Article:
and Lou Henry Hoover in Europe
George H. Nash
On March 29, 1914, Lou Henry Hoover turned forty years old. A few months later her husband Herbert did likewise. Living in London with their sons Herbert (age eleven) and Allan (age seven), the Hoovers were yearning for the day when they could uproot themselves from the Old World and return permanently to the New. For years, Hoover—a highly successful, peripatetic mining engineer with enterprises that girdled the globe—had been planning to go home to America and enter what he called the “big game” of public service. Having achieved his ambition of becoming a millionaire by the age of forty, he frankly felt that “just making money isn’t enough.”62 He wanted to do something more.
The events of August 1914 gave him his opportunity, on a stage and scale that he could never have imagined. August 10, 1914, was his fortieth birthday, but it is doubtful that he and Lou did much celebrating. As leading American residents of London, they were already immersed in coordinating relief assistance for panic-stricken American travelers fleeing the outbreak of war on the European continent.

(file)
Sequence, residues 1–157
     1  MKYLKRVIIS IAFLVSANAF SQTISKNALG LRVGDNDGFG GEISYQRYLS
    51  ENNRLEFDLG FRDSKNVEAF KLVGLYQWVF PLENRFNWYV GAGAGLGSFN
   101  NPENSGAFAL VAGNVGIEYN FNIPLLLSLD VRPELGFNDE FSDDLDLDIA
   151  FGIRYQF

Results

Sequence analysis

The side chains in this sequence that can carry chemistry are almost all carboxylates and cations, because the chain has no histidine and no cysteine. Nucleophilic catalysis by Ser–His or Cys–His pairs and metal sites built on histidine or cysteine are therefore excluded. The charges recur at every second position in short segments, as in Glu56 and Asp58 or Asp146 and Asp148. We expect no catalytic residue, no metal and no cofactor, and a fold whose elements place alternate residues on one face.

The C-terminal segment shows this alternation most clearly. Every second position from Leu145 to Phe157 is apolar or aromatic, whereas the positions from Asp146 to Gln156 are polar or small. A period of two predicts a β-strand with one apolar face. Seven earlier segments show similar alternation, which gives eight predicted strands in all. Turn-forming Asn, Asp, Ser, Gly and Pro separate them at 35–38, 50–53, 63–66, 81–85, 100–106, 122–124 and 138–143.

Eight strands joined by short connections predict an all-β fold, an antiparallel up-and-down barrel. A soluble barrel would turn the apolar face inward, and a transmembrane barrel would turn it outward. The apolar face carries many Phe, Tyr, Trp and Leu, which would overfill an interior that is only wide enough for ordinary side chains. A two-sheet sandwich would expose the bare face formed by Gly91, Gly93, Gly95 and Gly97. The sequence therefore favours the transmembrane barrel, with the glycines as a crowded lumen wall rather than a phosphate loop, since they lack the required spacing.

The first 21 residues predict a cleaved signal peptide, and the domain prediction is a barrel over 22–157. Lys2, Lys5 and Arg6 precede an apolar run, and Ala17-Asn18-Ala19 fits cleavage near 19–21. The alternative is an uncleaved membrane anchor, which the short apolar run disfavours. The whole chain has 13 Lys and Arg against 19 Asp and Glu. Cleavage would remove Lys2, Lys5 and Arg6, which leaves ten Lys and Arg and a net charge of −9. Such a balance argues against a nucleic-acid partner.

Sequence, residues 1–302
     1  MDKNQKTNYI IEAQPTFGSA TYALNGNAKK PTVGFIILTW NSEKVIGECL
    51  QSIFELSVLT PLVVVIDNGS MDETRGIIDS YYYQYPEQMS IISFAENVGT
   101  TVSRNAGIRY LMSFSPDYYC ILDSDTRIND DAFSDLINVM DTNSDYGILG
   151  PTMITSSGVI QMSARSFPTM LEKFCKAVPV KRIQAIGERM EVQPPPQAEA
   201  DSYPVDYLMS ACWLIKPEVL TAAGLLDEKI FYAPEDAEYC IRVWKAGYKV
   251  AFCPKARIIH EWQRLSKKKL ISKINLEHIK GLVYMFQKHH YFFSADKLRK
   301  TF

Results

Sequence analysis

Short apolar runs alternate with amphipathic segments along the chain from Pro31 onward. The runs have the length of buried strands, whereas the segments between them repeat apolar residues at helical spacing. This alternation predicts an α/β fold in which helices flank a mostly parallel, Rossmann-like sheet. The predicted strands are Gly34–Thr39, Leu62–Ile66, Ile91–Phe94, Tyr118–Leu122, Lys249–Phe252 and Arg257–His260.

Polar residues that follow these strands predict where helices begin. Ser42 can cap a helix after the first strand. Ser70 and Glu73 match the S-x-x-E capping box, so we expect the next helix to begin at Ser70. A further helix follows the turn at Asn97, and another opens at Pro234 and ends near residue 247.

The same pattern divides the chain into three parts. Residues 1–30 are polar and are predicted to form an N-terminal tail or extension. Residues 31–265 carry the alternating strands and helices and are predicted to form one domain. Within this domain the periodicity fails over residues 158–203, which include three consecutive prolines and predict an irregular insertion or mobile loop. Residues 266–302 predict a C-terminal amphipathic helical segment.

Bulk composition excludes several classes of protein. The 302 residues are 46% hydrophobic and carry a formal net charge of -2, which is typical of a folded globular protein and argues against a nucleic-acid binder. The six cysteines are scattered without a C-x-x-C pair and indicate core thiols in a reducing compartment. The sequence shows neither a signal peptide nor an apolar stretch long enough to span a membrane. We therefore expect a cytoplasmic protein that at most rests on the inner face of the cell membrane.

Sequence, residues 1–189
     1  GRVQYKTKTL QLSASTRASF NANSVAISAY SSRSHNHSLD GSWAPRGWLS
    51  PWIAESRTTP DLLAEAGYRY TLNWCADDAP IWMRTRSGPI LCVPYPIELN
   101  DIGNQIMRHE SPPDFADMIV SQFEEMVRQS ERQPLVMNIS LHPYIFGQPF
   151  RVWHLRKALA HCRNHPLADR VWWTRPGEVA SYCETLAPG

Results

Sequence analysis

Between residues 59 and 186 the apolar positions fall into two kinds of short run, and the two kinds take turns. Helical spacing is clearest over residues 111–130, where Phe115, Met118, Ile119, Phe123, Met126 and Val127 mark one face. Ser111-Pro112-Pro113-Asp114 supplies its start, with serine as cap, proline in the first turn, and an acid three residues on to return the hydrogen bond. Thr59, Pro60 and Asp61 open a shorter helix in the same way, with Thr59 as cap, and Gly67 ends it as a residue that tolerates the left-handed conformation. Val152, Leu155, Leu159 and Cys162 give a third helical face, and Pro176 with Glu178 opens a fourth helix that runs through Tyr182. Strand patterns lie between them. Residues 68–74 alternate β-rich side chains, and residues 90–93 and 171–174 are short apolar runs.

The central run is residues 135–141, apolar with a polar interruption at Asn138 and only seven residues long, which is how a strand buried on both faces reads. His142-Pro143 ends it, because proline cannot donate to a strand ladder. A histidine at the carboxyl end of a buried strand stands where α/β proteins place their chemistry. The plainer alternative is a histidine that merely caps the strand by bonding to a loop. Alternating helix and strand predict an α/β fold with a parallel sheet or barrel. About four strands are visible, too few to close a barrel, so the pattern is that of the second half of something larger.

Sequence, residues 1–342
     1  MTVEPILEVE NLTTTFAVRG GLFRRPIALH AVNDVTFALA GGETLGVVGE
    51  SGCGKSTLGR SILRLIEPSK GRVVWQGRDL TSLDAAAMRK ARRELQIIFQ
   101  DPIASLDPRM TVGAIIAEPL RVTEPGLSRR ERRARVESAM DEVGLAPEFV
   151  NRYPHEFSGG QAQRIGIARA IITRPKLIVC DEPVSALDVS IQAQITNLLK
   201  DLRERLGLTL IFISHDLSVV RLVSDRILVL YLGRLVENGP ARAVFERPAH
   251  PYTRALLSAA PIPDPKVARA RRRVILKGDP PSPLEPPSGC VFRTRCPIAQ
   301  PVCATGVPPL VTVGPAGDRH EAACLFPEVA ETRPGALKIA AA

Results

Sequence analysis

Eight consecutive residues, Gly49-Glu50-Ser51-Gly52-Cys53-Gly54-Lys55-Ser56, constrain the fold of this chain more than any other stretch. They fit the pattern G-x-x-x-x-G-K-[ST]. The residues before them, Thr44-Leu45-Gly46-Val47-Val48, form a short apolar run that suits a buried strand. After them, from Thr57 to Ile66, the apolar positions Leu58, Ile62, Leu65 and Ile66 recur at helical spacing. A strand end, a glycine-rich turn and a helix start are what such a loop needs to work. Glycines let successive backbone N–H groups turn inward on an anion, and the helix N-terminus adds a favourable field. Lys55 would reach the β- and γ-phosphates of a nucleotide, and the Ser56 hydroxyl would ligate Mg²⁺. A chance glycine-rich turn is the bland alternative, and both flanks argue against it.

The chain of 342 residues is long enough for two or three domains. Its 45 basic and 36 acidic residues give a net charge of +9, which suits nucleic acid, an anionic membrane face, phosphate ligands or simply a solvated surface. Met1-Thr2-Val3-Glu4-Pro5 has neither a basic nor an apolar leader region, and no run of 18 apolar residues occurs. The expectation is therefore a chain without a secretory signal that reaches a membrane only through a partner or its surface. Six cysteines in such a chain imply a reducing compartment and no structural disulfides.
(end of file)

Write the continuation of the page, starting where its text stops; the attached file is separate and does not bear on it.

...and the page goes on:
Just six days before Hoover’s birthday, Great Britain had declared war on imperial Germany—the final link in a six-week chain reaction that had turned a crisis in the Balkans into a global catastrophe. In London, on August 4, the banks were closed, Hoover’s mining business was paralyzed, and American tourists by the thousands were vainly searching for passage home. Writing to a friend on that fateful August day, Hoover remarked, “If my judgment of the situation is right, we are on the verge of seven years of considerable privation.”63
The American engineer was more prescient than he knew. For the next seven years, privation did indeed engulf much of the world, and the struggle against it became the overarching theme of Hoover’s life during that period. Not personal privation, of course—Hoover himself remained financially